CEO and coin stacks According tothe report’s authors, “CEOs are getting more because of their powerto set pay, not because they are increasing productivity or possessspecific, high-demand skills.” (Photo: Shutterstock)

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You know it’s bad when heiress Abigail Disney chastises CEOsover how much they rake in each year.

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With workers feeling underpaid despite the so-called “recovery,”one might ask what they’re complaining about, since wages haverisen (a little) since the Great Recession. But the truth is thataccording to the Economic Policy Institute, employees are onlygetting about 12 percent more than they did 40 years ago—back in1978, when a loaf of bread cost 33 cents and a person could buy ahouse for under $65,000.

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Related: The GOP wants to kill rule that led to astronomicalCEO pay

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The EPI analysis found that while CEO pay has risen940.3 percent between 1978 and 2018 (or 1007.5 percent, dependingon how stock options are accounted for), worker pay has grown apitiful 11.9 percent. That amounts to CEOs at the top 350 firms in2018 taking home an average of $17.2 million—278 times what workersmake. Meanwhile, back in 1965, the ratio of CEO-to-worker pay was20 to 1, and even as recently as 1989 it was 58 to 1.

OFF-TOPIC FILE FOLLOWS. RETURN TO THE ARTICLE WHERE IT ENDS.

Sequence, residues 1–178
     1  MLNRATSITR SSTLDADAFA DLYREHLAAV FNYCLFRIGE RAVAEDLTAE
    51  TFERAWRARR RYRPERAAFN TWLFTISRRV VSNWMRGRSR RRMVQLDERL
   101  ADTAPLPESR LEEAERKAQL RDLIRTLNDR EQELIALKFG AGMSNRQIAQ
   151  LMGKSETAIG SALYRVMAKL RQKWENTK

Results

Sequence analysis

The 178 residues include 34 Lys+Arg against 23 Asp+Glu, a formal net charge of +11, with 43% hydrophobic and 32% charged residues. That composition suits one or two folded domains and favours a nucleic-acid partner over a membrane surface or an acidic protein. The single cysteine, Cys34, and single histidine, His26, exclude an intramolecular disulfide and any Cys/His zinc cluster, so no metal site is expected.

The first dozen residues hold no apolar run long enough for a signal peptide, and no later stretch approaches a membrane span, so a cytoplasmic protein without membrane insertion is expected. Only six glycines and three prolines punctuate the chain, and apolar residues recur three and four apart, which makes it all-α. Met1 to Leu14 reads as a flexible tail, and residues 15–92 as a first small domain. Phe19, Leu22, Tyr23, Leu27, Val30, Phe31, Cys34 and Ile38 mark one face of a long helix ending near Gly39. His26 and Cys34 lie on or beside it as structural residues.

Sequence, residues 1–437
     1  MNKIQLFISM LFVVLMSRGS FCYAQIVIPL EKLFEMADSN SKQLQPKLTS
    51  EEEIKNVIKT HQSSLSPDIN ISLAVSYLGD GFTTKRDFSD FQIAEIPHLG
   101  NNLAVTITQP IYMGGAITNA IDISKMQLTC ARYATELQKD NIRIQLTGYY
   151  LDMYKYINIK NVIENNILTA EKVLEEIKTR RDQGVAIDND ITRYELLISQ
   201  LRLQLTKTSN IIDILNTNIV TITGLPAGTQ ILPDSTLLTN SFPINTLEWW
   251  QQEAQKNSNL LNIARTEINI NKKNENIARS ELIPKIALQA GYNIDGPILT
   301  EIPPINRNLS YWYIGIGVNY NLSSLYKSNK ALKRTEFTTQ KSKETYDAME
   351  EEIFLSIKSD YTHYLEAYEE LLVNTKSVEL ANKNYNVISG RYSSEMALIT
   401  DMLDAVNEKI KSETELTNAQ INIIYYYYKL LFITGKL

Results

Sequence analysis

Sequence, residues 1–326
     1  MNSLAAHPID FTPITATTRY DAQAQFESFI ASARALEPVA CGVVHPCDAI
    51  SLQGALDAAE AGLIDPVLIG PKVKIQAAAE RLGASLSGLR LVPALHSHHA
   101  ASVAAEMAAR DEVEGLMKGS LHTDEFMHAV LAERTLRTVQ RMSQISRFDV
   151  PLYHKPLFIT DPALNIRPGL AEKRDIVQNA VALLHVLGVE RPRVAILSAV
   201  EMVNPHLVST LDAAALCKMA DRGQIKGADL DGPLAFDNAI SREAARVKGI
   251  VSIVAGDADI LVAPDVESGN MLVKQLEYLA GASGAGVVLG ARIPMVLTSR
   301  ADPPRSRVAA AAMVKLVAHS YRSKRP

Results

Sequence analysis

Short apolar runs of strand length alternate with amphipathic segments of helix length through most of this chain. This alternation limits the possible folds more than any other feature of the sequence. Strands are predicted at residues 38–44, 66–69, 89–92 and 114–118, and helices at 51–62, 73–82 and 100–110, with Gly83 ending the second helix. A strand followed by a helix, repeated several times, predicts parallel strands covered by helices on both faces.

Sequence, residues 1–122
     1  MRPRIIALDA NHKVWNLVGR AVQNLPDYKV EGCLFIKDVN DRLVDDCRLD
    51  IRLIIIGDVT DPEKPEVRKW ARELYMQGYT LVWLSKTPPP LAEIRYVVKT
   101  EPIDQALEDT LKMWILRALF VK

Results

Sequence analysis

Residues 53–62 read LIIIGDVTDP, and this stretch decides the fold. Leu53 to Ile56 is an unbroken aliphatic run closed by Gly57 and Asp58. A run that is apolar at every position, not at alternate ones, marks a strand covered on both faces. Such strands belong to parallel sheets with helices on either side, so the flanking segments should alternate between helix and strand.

“Exorbitant CEO pay is a major contributor to rising inequalitythat we could safely do away with,” study authors LawrenceMishel and Julia Wolfe contend. ”CEOs are getting morebecause of their power to set pay, not because they are increasingproductivity or possess specific, high-demand skills.”

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“When every industry stock goes up, their stock goes up, andthey’re rewarded as though they hit a triple,” Mishel saidin a CBS News report. ”That’s notfor performance as they are sitting in the bleachers.”

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And according to Wolfe, “Ballooning CEO pay is not a reflectionof the market for executive talent. We know this because CEOcompensation has grown far faster than even the top 0.1 percent ofearners. This means that CEO pay can be curbed with little, if any,impact on the output of the economy or firm performance.”

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CBS News also highlights Ms. Disney’s efforts on behalfof underpaid workers, as she not only criticizes CEO pay—calling ita “moral issue”—but highlights the fact that some low-wage workersare “sleeping in their cars and rationing insulin,” and workers mayoften be laid off without severance at the sametime executives are lining their cofferswith buybacks and cash dividends.

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The solution? The authors offer several possible policy changes.“Implementing higher marginal income tax rates at the very topwould limit rent-seeking behavior and reduce the incentives forexecutives to push for such high pay,” they write. “Another optionis to set corporate tax rates higher for firms that have higherratios of CEO-to-worker compensation … Other policies that couldpotentially limit executive pay growth are changes in corporategovernance, such as greater use of ’say on pay,’ whichallows a firm’s shareholders to vote on top executives’compensation.”

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